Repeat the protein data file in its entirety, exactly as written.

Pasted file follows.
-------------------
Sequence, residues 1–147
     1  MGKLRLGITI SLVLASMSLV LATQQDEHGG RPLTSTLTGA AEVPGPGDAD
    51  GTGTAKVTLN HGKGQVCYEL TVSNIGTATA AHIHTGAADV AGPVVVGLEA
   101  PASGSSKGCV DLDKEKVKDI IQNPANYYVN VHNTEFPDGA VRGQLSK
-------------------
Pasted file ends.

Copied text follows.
Sequence, residues 1–147
     1  MGKLRLGITI SLVLASMSLV LATQQDEHGG RPLTSTLTGA AEVPGPGDAD
    51  GTGTAKVTLN HGKGQVCYEL TVSNIGTATA AHIHTGAADV AGPVVVGLEA
   101  PASGSSKGCV DLDKEKVKDI IQNPANYYVN VHNTEFPDGA VRGQLSK